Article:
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*Evaluating Sources*

Scholarly vs. Popular Periodicals

 

What does it mean, and why does it matter?

Sources available to you as you conduct research will vary quite a bit in purpose, audience, and reliability.  One important distinguishing characteristic is whether a periodical is considered popular or academic/scholarly.  You will need to learn how to tell them apart, as well as determine which type is more appropriate for your information needs.     

   

 

Popular Magazines

All of us have seen these at one time or another.  Think about the magazines you find in grocery, drug, and book stores.  In popular magazines, you will generally find lots of advertisements and articles illustrated with several pictures. Popular magazines are written for the general public, usually for entertainment, general information, or keeping up with current events.

 
The publishing process

Popular magazines are normally written and edited by professional journalists.  The authors who write the articles are usually not subject experts, but have hopefully done adequate and appropriate research in preparing the article.  The editor has final say on what gets printed in the magazine.

Examples

  • Popular Science
  • Newsweek
  • Sports Illustrated
  • People
What you might use them for: Finding examples of print advertisements, finding current interest topics, discussion of current interest topics.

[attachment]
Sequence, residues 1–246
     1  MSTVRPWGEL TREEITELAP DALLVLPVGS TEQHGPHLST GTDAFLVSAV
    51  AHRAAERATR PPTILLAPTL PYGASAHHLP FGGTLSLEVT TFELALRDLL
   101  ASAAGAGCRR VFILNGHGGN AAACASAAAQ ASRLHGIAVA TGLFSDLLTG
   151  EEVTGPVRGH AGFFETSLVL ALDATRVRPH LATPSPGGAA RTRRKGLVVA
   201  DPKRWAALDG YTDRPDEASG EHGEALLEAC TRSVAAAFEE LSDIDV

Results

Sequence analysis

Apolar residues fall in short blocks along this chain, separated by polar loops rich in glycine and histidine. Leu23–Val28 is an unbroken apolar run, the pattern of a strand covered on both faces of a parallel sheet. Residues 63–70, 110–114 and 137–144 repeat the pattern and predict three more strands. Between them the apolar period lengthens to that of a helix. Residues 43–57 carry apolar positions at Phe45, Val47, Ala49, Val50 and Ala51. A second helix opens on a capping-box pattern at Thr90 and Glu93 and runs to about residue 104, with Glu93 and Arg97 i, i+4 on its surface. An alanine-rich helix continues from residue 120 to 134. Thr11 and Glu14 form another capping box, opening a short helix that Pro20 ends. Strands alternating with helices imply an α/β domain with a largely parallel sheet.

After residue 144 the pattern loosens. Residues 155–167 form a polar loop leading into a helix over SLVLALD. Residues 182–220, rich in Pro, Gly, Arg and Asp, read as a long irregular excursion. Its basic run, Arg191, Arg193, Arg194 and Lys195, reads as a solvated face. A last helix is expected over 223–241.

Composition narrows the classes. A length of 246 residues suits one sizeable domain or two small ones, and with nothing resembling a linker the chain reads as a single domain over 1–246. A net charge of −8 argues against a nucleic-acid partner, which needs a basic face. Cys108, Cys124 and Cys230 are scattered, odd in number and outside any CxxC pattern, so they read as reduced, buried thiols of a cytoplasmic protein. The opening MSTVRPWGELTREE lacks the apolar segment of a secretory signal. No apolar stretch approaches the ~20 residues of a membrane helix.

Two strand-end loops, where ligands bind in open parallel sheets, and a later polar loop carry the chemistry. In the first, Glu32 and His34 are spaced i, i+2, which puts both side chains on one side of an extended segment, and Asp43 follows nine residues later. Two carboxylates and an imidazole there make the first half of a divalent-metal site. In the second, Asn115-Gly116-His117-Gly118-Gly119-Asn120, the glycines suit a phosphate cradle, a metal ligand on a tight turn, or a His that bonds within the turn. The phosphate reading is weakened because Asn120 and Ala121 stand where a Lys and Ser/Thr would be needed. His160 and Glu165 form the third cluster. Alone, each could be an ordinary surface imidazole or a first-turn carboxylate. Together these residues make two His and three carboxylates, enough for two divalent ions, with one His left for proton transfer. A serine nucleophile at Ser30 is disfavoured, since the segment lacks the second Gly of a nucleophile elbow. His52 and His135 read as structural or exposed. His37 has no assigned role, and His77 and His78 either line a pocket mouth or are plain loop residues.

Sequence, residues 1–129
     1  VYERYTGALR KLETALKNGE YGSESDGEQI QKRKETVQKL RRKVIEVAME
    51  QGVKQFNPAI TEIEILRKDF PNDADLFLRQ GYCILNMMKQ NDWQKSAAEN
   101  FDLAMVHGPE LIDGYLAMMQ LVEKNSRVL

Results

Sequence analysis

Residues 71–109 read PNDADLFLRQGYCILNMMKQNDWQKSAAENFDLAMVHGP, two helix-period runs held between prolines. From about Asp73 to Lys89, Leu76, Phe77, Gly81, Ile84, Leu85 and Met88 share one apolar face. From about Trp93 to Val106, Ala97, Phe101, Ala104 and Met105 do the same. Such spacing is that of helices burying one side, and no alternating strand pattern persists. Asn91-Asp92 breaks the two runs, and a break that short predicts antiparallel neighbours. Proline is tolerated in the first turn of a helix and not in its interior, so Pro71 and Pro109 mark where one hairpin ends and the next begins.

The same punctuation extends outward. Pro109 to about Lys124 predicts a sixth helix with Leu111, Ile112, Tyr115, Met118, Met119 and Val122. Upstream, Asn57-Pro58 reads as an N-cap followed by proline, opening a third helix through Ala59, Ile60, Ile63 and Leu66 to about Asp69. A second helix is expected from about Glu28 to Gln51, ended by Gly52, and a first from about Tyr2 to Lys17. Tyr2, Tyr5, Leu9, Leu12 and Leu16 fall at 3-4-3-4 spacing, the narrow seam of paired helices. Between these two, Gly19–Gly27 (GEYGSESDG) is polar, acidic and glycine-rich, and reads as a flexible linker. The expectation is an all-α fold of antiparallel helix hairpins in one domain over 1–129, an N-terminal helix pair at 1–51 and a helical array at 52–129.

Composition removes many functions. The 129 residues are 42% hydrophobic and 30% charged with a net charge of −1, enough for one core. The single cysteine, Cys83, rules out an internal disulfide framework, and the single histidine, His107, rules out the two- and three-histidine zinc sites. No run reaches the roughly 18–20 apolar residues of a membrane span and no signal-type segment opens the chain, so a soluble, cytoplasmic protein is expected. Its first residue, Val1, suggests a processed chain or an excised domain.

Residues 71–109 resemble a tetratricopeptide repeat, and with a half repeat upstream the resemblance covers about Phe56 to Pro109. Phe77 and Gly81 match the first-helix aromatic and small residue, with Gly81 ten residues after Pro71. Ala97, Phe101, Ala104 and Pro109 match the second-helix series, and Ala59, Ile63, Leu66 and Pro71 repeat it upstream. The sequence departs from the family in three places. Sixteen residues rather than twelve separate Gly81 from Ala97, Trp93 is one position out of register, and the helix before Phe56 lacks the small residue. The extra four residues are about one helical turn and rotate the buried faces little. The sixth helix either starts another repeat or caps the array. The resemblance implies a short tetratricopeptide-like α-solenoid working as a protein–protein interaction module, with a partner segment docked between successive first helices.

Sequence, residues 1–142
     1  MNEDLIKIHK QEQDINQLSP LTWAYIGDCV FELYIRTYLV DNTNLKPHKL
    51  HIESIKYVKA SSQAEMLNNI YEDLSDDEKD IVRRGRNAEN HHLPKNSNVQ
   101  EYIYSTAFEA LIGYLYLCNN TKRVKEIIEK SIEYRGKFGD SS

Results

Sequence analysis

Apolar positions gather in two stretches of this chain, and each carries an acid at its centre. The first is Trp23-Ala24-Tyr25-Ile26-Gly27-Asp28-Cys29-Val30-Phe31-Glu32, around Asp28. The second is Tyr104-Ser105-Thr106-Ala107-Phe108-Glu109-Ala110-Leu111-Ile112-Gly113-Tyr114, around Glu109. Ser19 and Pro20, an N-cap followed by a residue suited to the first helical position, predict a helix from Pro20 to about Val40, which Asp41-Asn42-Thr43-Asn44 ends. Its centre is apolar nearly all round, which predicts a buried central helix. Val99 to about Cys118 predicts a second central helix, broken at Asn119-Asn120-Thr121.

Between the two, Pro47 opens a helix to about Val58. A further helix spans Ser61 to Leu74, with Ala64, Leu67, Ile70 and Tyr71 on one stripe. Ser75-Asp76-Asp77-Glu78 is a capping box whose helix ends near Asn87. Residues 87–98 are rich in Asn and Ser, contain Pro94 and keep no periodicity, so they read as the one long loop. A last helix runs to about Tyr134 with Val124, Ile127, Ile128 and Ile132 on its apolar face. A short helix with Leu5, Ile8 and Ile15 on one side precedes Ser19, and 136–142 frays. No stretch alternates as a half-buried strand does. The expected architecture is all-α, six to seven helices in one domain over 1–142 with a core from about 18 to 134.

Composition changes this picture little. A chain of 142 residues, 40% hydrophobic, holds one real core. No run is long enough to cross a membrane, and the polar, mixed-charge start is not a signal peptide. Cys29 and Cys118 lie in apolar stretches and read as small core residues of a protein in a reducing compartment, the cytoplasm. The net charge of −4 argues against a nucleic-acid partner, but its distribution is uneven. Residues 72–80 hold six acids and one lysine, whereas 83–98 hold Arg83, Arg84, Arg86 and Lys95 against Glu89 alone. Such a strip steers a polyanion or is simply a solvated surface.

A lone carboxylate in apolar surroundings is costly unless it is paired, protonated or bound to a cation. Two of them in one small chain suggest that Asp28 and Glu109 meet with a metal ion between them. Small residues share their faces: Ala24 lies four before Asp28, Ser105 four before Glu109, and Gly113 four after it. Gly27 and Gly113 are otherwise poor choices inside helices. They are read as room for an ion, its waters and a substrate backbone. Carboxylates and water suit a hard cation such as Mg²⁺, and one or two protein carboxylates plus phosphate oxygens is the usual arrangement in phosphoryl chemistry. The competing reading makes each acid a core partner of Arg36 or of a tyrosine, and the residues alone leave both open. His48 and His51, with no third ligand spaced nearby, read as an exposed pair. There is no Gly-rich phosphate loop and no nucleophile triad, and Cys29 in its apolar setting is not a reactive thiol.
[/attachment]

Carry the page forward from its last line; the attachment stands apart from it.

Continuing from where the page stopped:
Academic or Scholarly Journals

Academic/scholarly journals are written for students, faculty and professionals, and usually contain high quality articles.  Research results are generally published in these types of periodicals.  Limited advertising is geared toward the specific audience that reads the journal.  Articles only have pictures if they are important to the content, not for decoration.  Charts and graphs are common for presenting data. 

 
The publishing process

Articles in academic/scholarly journals are written by subject experts, as opposed to journalists that write for popular magazines.  The editor who makes the final decision on what is published also has expertise in the domain covered by the journal.

Peer-Reviewed Journals:   Peer review adds an additional level of reliability.  Not only are these articles written by subject experts, they are also reviewed by other subject experts for quality before being accepted for publication. 

 

Examples

  • Adult Learning
  • American Nurse Today
  • Journal of Property Management
  • The Science Teacher
  • Library Journal
What you might use them for: Finding research about various topics; analysis of events and topics

 

 

Trade Magazines

Trade Magazines are usually published by a professional organization for its members and others in the field.

 

The publishing process

Trade Magazines are generally written and edited by practitioners in a field.

Examples

  • Techniques - Association for Career and Technical Education 
  • Young Children - National Association for the Education of Young Children
  • Science and Children - National Science Teachers Association
  • Management Review - American Management Association
  • American Anthropologist - American Anthropological Society
  • CMA Today - American Association of Medical Assistants
What you might use them for: Finding articles about current practice in a field